When I heard that a production of West Side Story was being put on by DULOG, my interest was immediately piqued. The New York cynic in me instantly vocalized its doubt that the spirit of my home town, so woven into the fabric of this musical, could ever be grasped by anyone other than a New York native. How could the pulsing energy of this city, the intensity of its streets and its people, ever be successfully interpreted in Durham, England? However, I am happy to now report that my original misgivings about this production were proven wrong by what turned out to be, in general, a solid production with a wonderful cast.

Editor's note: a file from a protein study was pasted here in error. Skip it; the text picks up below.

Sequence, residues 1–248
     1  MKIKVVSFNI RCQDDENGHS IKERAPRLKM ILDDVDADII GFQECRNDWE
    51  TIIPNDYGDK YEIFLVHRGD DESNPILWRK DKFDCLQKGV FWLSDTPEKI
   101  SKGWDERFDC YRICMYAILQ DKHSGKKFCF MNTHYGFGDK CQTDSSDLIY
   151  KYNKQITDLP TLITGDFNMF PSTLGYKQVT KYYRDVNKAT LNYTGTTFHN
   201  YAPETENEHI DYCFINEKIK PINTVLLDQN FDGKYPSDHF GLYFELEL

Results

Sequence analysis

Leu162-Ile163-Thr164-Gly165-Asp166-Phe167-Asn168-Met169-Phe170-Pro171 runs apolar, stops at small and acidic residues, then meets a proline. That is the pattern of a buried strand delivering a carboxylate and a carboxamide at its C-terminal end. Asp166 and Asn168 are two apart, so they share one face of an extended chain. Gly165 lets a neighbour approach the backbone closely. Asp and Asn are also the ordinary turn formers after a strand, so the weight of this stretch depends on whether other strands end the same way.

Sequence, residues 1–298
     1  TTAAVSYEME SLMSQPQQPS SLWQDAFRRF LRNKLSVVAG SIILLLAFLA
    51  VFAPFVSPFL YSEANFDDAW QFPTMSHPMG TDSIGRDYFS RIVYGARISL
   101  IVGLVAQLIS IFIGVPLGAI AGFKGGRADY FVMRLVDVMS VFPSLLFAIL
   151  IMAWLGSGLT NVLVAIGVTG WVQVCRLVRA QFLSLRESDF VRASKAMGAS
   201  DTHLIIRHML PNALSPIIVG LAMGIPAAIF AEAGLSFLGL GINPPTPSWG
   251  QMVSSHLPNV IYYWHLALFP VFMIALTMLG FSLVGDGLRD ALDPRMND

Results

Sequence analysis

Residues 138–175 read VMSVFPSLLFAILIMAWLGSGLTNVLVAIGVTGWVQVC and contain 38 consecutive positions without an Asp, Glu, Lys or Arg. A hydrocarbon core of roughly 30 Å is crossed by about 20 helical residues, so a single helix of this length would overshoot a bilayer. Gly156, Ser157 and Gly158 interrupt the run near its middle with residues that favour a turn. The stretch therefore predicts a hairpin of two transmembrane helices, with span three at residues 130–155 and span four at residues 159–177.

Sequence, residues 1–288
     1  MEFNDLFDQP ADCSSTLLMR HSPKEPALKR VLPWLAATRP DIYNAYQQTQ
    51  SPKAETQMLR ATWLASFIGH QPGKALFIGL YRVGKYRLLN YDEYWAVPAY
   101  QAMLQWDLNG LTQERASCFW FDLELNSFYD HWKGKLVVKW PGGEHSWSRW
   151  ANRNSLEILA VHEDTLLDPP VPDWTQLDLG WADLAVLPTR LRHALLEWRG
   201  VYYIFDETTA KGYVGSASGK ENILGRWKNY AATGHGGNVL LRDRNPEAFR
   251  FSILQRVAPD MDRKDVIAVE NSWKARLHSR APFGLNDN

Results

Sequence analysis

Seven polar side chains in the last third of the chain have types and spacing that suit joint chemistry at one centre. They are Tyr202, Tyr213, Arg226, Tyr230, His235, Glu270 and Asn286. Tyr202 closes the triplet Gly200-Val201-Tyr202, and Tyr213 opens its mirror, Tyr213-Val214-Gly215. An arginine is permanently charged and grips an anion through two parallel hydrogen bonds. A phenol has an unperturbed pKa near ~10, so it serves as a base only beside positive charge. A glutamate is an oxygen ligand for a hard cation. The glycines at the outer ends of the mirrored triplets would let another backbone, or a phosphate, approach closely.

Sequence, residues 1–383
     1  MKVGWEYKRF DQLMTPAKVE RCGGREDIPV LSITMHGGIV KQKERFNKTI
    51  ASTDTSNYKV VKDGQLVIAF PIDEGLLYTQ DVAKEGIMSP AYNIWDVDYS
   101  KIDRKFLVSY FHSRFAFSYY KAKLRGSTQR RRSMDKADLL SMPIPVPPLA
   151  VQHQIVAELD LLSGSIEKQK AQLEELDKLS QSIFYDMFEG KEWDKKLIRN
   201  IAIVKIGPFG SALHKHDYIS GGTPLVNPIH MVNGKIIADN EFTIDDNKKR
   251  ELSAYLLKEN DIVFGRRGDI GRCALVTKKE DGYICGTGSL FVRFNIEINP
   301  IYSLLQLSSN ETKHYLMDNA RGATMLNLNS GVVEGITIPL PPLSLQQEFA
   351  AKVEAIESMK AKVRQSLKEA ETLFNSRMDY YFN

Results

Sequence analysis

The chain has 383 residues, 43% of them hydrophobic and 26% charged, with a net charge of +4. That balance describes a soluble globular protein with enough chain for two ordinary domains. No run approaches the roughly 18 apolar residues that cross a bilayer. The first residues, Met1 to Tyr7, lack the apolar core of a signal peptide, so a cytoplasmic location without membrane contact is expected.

West Side Story takes place on the West Side (duh) of New York, where two gangs are currently warring over territory. The stench of racism lies heavily in the air. At a high school dance, Riff, the head of the Jets, has decided to ask Bernardo, the leader of the Sharks, to a war council to decide upon a time and place for a rumble to settle the dispute once and for all. Sadly for everyone, Riff’s best friend and prominent Jet member, Tony, espies Bernardo’s younger sister, Maria, and the two fall in love on the spot. For some odd reason, this doesn’t sit well with anybody except the two enamored teenagers, and violence is sparked. Not to totally spoil it for everyone reading, but Bernardo and Kiff are both killed in the rumble. Plot twist: Tony is Bernardo’s killer, acting on revenge for his fallen brother. Maria forgives Tony and the two decide to run away, only for Tony to be shot dead by Chino, Maria’s scorned lover, as he runs into Maria’s arms.